Did you ever have one of those weekends when everything seems to come together? My friend and fellow Shootist, Fermin Garza of the Corpus Christi Police Department, found a couple Bisley Model .32 Magnums in Arizona a few years back. Bisley Model .32 Magnums are not easy to find and here we had both an adjustable-sighted and a fixed-sighted version. I made arrangements for them to be shipped to my dealer and while there discovered another .32 Magnum — a 4-5/8″ Single-Six. After several years of not being able to find a single Ruger .32 Magnum, I now had a trio of these excellent little sixguns.
I didn’t fire any of them before sending them to Gary Reeder in Flagstaff with instructions to turn them into something special. Both of the Bisley Models were fitted with new 7-1/2″ barrels while the Single-Six was turned into a true long-range sixgun with a 9-1/2″ barrel. Gary also put my name on all three and finished them in the high polished blue he is so well known for — nobody does it better. Both of the Bisley Models already had steel grip frames. When they came back, I removed the alloy frame from the Single-Six and fitted it with a brass grip frame to add a little weight in the back and change the balance. With my favorite 8.5 grains of #2400 under the Hornady 100 grain JHP it runs 1,065 fps and groups five shots in ½.″ The adjustable sighted Bisley Model prefers the Speer 100 JHP over the same powder charge for just under 1,100 fps and a 7/8″ group. I call them superb varmint pistols.
When the .32 Magnum arrived, Elgin Gates, then head of IHMSA, sent me a Dan Wesson Field Pistol version with an 8″ Heavy Barrel and instructions to really put it to the test. I took it to the first Shootists Holiday in 1986 and never got to fire a single round. It was passed from Shootist to Shootist — all declaring it a superb sixgun. When the stainless-steel version arrived, I had a second .32 Magnum from Dan Wesson. Both of these have been excellent shooting .32s over the years. I especially prefer the Sierra 90 JHC over, yes you guessed it again, 8.5 grains of #2400 for 1,150 fps and another 1/2″ group. The Speer 100 JHP over the same powder charge is right behind it for 1,165 fps and a 7/8″ group. I don’t believe Dan Wesson ever made a revolver which would not shoot very tight groups with the right loads.
The Freedom Arms Model 97 is a natural for the .32 Magnum and my first is a 7-1/2″ version with the added versatility of a .32-20 cylinder. This one has gone through a lot of testing. I met with Bob Baker of Freedom Arms at a Shootists Holiday and we spent considerable time running my handloads and factory loads through both cylinders with a 2X Leupold in place. It didn’t take long to see we had a superbly accurate sixgun. Ten different .32 Magnum handloads averaged 3/4″ for five shots at 25 yards though the best group was smaller. The Sierra 90 JHC over 10.0 grains of H110 averages 1,260 fps and groups in 1/2″ while the Hornady 85 XTP and the Speer 85 JHP both over my favorite 8.5 grains of #2400 do 1,295 fps and 1,250 fps respectively. Both shoot in ¾.″ The Speer does even better over 10.0 grains of H110 yielding 1,270 fps and a 5/8″ group. This is one of those rare sixguns which simply shoots everything superbly.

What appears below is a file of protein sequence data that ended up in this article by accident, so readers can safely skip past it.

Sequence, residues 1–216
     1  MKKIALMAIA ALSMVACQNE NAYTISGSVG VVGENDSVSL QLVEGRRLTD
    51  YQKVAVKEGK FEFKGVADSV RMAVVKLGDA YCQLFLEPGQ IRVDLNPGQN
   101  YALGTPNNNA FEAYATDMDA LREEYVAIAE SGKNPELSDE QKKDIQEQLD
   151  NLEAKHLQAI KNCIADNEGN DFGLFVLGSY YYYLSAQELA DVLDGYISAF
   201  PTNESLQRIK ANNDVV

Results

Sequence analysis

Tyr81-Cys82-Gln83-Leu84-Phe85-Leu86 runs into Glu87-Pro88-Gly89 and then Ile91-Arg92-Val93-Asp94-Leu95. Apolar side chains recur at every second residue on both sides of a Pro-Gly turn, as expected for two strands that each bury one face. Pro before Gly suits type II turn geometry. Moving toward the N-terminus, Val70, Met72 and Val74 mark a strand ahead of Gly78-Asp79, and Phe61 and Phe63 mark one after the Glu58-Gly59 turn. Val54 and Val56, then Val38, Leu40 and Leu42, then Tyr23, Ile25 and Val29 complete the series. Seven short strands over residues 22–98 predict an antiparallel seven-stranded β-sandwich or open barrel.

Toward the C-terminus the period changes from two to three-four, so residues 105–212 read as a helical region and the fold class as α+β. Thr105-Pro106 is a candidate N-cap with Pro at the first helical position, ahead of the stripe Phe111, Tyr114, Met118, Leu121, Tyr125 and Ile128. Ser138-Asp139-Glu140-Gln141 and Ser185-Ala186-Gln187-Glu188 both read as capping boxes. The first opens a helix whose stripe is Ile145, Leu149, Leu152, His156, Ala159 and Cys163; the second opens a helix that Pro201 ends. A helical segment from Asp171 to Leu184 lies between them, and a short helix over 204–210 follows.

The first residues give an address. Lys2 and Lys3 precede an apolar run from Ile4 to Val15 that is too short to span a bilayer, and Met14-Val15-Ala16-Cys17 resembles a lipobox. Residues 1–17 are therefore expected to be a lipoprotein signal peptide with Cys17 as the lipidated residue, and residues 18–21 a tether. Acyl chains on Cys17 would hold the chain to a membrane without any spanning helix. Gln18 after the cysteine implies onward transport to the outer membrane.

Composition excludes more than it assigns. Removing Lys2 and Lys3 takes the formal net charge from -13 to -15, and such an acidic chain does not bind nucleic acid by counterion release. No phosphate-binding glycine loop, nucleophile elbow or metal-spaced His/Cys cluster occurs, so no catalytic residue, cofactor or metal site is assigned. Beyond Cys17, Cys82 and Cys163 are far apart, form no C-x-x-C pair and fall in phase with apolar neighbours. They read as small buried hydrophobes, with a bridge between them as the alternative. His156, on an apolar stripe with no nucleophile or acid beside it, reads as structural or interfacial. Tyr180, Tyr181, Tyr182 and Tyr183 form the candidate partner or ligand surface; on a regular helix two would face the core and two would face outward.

When the .327 Federal Magnum was unveiled, I ordered a second .32 Magnum Model 97 — this time with a 10″ barrel and two extra cylinders in .327 Federal Magnum and .32-20. While other .32 Magnums are somewhat selective in which loads shoot best, the Freedom Arms, as we have already seen, shoots everything well. It’s no wonder why Freedom Arms’ sixguns are the most expensive factory produced revolvers out there. Some may complain about the price but I’ve never heard anyone who actually bought one and shot it say it was too expensive!
The 10″ Freedom Arms is so accurate it deserves a scope. Mine wears a 4X Leupold. The Sierra JHC over 8.5 grains of #2400 clocks out at 1,220 fps with a five-shot group at 25 yards of 5/8″ while the Black Hills factory loaded 85 JHP has a muzzle velocity of 1,110 fps and a group of ¾.″ The Federal 85 grain JHP factory load clocks out at 45 fps more and groups into one-half inch. I have yet to try any load in this revolver that doesn’t shoot under one inch.
I really enjoy the big bores, especially the .44 Special, .45 Colt, and .44 Magnum, however, there are times when they are not really needed. Sometimes I just want to relax and shoot an accurate sixgun with little felt recoil. The .32 Magnum is just the recipe needed.